Take the 2-minute tour ×
Stack Overflow is a question and answer site for professional and enthusiast programmers. It's 100% free, no registration required.

In Scala, for many (all?) types of collections you can create views.

What exactly is a view and for which purposes are views useful?

share|improve this question

2 Answers 2

up vote 29 down vote accepted

Views are non-strict versions of collections. This means that the elements are calculated at access and not eagerly as in normal collections.

As an example take the following code:

val xs = List.tabulate(5)(_ + 1)
val ys = xs.view map { x => println(x); x * x }

Just this will not print anything but every access to the list will perform the calculation and print the value, i.e. every call to ys.head will result in 1 being printed. If you want to get a strict version of the collection again you can call force on it. In this case you will see all numbers printed out.

One use for views is when you need to traverse a collection of values which are expensive to compute and you only need one value at a time. Also views let you build lazy sequences by calling toStream on them that will also cache the evaluated elements.

share|improve this answer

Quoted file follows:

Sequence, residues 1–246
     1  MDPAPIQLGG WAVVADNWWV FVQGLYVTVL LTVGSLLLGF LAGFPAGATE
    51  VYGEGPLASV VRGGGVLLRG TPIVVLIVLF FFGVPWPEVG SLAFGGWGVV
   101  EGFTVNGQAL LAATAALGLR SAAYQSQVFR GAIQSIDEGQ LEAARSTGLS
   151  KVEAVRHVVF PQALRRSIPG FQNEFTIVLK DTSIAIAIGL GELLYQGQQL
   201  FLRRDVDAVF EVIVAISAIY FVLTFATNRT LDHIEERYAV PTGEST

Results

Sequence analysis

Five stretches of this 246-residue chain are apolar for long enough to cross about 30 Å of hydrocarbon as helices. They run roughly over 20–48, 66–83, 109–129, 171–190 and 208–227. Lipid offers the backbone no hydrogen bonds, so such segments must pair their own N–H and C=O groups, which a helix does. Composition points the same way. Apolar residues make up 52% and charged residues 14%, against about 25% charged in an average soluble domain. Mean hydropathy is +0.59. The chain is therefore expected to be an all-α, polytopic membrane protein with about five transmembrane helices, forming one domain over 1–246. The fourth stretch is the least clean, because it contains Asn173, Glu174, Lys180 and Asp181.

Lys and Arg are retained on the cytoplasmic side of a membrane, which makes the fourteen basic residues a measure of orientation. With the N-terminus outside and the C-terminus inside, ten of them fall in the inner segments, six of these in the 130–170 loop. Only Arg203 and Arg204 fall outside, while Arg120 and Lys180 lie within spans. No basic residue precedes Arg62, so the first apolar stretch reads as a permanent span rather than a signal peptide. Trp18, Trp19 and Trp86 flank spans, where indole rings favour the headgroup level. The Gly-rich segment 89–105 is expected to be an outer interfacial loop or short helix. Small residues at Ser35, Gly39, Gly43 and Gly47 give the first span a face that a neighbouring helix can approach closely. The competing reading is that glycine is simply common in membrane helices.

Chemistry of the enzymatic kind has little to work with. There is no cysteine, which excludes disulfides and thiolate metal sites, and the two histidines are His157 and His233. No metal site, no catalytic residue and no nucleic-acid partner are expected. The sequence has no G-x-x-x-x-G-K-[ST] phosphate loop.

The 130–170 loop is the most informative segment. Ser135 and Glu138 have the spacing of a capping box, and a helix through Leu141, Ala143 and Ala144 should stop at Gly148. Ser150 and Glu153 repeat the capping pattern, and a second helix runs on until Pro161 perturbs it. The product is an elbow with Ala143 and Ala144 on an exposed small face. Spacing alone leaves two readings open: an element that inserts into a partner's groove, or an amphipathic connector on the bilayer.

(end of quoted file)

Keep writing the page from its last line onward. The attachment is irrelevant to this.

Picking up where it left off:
See Views from Scala 2.8 Collections API.

Scala collections are by default strict in all their transformers, except for Stream, which implements all its transformer methods lazily. However, there is a systematic way to turn every collection into a lazy one and vice versa, which is based on collection views. A view is a special kind of collection that represents some base collection, but implements all transformers lazily.

...

There are two reasons why you might want to consider using views. The first is performance. You have seen that by switching a collection to a view the construction of intermediate results can be avoided. These savings can be quite important.

...

The second use case applies to views over mutable sequences. Many transformer functions on such views provide a window into the original sequence that can then be used to update selectively some elements of that sequence.

share|improve this answer

Your Answer

 
discard

By posting your answer, you agree to the privacy policy and terms of service.

Not the answer you're looking for? Browse other questions tagged or ask your own question.